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Coin of Emperor Constantine XI Palaeologus Dragasis

Constantinople does not win so much with multitudes and arms, as with her virtue and word

Manuel II Palaeologus




The Original Greek New Testament

I : The City, The Patriarchate, The Emperors

II : The Spirit

III : The Mission - Baptism of the Slavs

IV : Constantinople and the West

V : The Fall

VI : Typika of Constantinople Monasteries

VII : Books on Constantinople

Greek Literature - Ancient, Medieval, Modern

  For eleven hundred years there had stood on the Bosporous a city where the intellect was admired and the learning and letters of the classical past were studied and preserved. Without the help of Byzantine commentators and scribes there is little that we would know today about the literature of ancient Greece.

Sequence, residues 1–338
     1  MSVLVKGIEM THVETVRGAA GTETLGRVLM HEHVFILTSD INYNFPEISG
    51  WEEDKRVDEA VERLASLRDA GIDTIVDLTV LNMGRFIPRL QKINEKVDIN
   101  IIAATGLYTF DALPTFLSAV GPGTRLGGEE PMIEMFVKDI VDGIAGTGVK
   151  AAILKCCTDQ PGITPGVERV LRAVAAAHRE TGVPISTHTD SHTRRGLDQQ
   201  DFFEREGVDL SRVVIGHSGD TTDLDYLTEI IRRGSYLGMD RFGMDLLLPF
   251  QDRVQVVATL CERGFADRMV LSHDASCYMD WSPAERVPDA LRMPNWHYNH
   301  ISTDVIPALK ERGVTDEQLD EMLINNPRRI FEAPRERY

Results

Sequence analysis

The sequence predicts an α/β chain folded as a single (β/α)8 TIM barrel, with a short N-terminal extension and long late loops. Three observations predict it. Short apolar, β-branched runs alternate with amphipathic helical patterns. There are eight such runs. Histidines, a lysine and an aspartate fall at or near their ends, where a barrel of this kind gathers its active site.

It was too, a city whose rulers down the centuries had inspired and encouraged a school of art unparalleled in human history, an art that arose from an ever varying blend of the cool cerebral Greek sense of the fitness of things and a deep religious sense that saw in works of art the incarnation of the Divine and the sanctification of matter.

  It was too, a great cosmopolitan city where along with merchandise ideas were freely exchanged and whose citizens saw themselves not as a racial unit but as the heirs of Greece and Rome, hallowed by the Christian faith.

From: Steven Runciman, The Fall of Constantinople, 1453.

Greek Literature - Ancient, Medieval, Modern

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Three Millennia of Greek Literature

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